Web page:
PRZOOM - /newswire/ -
St Albans, Herts, United Kingdom, 2009/09/10 - According to the UK-based specialist healthcare quality, innovation and productivity improvement enabler, Amnis, there needs to be a fundamental shift in the way healthcare organisations work if efficiency improvements are to be realised.
Amnis’ comments come in the wake of a report by management consultants, McKinsey and Company, which was rejected by the Government but which advocated cutting the NHS workforce in England by ten per cent over the next five years in the cause of improving cost efficiency within the healthcare sector.
The plans to close 137,000 NHS clinical and administrative posts were said to save £20bn by 2014. The consultants also advocated a recruitment freeze and early retirement programme.
Mark Eaton, managing director of Amnis, commented: “Achieving high impact efficiency improvements in the NHS within a reasonable timescale will need a massive increase in the pace of change and the creation of a different mindset amongst senior leaders if they really want to ‘change the game’.
“Many organisations which have already embarked on these changes are discovering that the most cost effective way of achieving this is to develop the organisation’s internal capability to lead its own change programmes rather than rely heavily on external management consultants.
“For many healthcare organisations this will mean building up a core of skilled Lean practitioners,” he continued.
“However, the application of Lean principles and systems to solve tactical issues will not drive the long-term change that is required. Lean is part of the armoury for change but strategy must drive the engine.
“The key to success is to take a strategic approach to improvement that combines implementation and planning with a focus on engaging teams and dealing with facts rather than assumptions,” Eaton stated. “It is this strategic approach to transformation that will drive the programme of change.”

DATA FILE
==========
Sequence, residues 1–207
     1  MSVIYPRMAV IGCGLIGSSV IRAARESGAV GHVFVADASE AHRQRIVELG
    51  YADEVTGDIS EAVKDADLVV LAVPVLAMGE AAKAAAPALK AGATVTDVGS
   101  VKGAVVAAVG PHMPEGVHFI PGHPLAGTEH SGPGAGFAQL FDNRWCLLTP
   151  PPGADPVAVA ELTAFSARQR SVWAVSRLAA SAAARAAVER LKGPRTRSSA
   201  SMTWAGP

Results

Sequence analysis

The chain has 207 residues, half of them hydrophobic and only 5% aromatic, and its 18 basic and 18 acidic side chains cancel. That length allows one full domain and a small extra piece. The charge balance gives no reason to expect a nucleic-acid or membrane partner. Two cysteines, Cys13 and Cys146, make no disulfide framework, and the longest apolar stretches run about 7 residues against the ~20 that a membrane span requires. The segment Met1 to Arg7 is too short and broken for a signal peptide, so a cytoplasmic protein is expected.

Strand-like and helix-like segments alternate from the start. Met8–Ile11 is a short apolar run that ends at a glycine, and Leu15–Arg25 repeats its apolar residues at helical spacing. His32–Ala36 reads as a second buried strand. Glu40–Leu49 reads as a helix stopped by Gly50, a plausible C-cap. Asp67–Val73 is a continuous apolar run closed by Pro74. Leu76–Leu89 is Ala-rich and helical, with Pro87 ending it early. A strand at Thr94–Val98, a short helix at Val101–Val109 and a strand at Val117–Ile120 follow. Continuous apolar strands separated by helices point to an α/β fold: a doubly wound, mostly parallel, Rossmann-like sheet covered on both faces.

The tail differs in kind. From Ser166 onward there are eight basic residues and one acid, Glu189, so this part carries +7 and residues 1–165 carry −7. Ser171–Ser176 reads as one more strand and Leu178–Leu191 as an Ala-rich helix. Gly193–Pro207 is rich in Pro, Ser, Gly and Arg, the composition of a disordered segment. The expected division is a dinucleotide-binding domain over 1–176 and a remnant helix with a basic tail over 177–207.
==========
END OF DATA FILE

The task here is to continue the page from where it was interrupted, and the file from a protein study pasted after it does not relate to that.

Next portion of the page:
In his view, trying to do the same things better or working harder will only realise a very small improvement in the way services operate. Believing that services cannot be improved further or accepting that current performance is adequate will limit the small gains achieved even further, he added.
“There are two useful sayings that apply here,” Eaton said. “One is, ‘if you always do what you have always done you will always get what you have always had’ and the second is, ‘change nothing and nothing changes.’
“I believe that there are difficult and complex decisions to be made if the full scale of the potential benefits are to be realised but every project and programme that we, at Amnis, have led has shown that it is possible to achieve – provided that the senior leaders have the focus and courage to tackle the big issues; the front-line teams are engaged and have the capability to change the game and, most of all, that the whole organisation has the resilience to turn plans for improvement into real life changes,” he concluded.
For more information, E: info[.]amnis.uk.com or call 0870 446 1002.
About Amnis Limited
Working with both public and private sector organisations, Amnis (amnis.uk.com) is a consultancy which specialises in innovation, transformation and organisational improvement, helping clients plan and deploy strategies for successful transformation. Its goal is to help clients not only deliver sustainable change but also to develop their capability to tackle their next challenges.
Providing both consultancy and training services, Amnis’ team includes specialists in Lean/Six Sigma, organisational development, strategic planning, change management and systems thinking.